Care Home Placements: Advice for Individuals and Churches

Old man and grandaughter

Author: Ruth Preston

With the average age of church members increasing in most churches and the numbers of those in the fourth age rising, the likelihood of members needing to find an appropriate care home to meet their needs is also increasing. It is not unusual for there to be a number of church members residing in care homes at any one time – whether for short-term placement following illness or bereavement or long-term residency due to the individual’s increased care needs or end-stage illness.



With a lack of experience of how care homes work, knowledge about the type of care different registrations provide and an understanding of how to reach out and engage with residents and staff, there can be a fear and reluctance to visit and get involved with local care homes. By spending time getting to know the different care homes in the neighbourhood of the church, understanding the sort of care provided and needs of residents, and making introductions to the care home management and staff teams, local churches can help bridge the gap towards care homes, establish regular contact and relationships with staff and residents and thus reduce the fear of moving into care home settings.



The Care Quality Commission (2015) define a care home as “a place where personal care and accommodation are provided together”. People may live in the service for short or long periods. For many people, it is their sole place of residence and so it becomes their home, although they do not legally own or rent it. Both the care that people receive and the premises are regulated by the CQC. The care and activities which care homes provide are defined as ‘regulated activities’, which include personal care, accommodation, nursing care, treatment of disease or injury, management of long-term conditions.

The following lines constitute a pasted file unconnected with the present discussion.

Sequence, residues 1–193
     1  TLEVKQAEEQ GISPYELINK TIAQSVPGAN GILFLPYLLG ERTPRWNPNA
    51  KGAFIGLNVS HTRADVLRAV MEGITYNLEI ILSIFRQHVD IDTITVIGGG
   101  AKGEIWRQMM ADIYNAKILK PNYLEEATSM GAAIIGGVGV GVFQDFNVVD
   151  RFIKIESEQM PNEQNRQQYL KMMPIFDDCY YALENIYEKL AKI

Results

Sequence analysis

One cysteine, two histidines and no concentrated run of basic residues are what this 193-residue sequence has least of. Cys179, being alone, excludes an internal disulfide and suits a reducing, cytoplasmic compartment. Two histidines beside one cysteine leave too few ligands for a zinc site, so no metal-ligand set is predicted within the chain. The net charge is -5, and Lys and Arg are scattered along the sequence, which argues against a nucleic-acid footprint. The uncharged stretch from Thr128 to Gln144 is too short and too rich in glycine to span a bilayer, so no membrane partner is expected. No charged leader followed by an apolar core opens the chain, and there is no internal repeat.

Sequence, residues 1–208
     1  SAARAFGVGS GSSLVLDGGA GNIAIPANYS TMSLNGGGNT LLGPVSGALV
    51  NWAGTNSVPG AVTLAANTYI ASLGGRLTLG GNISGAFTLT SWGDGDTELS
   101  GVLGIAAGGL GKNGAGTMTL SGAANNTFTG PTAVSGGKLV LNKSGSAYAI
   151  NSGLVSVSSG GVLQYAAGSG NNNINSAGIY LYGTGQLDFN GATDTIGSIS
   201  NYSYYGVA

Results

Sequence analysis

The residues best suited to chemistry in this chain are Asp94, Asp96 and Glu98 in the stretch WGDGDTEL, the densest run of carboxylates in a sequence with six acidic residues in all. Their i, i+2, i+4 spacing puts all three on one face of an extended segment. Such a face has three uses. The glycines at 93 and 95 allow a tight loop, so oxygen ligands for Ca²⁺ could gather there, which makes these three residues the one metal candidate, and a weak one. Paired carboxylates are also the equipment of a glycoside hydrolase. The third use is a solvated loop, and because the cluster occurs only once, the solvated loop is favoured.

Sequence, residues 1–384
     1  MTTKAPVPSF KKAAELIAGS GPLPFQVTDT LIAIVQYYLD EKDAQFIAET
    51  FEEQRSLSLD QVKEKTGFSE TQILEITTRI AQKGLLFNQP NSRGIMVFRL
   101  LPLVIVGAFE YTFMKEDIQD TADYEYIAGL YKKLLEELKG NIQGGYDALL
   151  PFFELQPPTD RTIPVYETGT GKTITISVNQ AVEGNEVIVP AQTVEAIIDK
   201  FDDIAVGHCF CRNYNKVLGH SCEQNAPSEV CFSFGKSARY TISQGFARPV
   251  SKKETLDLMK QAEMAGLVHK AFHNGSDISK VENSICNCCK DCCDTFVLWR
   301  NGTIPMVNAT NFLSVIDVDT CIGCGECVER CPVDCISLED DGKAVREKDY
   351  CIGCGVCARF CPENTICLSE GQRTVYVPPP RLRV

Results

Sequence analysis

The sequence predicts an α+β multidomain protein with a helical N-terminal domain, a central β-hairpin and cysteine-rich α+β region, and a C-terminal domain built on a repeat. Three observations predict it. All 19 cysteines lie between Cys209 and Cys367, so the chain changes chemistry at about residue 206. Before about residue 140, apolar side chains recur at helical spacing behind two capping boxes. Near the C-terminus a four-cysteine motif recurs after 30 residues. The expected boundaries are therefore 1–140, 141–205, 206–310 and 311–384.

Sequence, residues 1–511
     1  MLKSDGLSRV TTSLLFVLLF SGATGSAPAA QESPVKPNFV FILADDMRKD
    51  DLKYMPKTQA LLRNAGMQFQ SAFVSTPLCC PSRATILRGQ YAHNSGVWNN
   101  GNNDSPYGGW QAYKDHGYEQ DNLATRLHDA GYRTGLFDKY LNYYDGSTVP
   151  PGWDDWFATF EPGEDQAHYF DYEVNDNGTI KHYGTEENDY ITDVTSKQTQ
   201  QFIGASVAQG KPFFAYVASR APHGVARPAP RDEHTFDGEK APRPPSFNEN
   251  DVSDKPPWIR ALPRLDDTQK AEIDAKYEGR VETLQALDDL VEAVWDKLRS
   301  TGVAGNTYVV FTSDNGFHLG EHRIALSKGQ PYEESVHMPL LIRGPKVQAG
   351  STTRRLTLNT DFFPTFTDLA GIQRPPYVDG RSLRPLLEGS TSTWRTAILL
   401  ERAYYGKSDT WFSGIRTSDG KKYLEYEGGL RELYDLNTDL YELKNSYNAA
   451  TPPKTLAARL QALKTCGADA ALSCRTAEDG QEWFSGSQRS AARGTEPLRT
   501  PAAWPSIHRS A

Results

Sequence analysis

Care homes for adults will be registered specifically for people who are:



  • Over 65
  • Living with Dementia
  • Have long-term mental health conditions
  • Require treatment for substance misuse
  • Living with Learning Disabilities
  • Living with Physical Disabilities.



The majority of care homes are registered as ‘Residential’ homes – providing long-term care, convalescence, crisis support or respite care on a 24-hour basis. Where the care and support for individuals require the ongoing input of registered/qualified nurses, the care home will have to be registered as a ‘Nursing Home’.



There are also other forms of registration, where people live independently, receiving regular personal care and support with long-term conditions on a daily or regular basis (but not 24 hours) – these include ‘Supported Living’ and ‘Extra-care Housing’. Details of registration and the scope of regulated activities can be found on the CQC website:



Funding for Care Home Placements



Holding hands

Funding for care home placements can be complex; the arrangements for funding will often change, as the needs of the individual change. For example, funding of a specialist placement for someone with Dementia may be higher for the first few weeks, as the person needs more care to settle into the home; someone whose condition rapidly deteriorates may require more care and the funding may need to be increased. Care home fees are set by the provider organisation – but the local authority and NHS will agree and set parameters for public funding of placements; this will include resource for the provision of care according to the regulated activity of the care home – it will not include additional costs for extra services, activities or specific aspects of the accommodation such as a view, garden access, etc.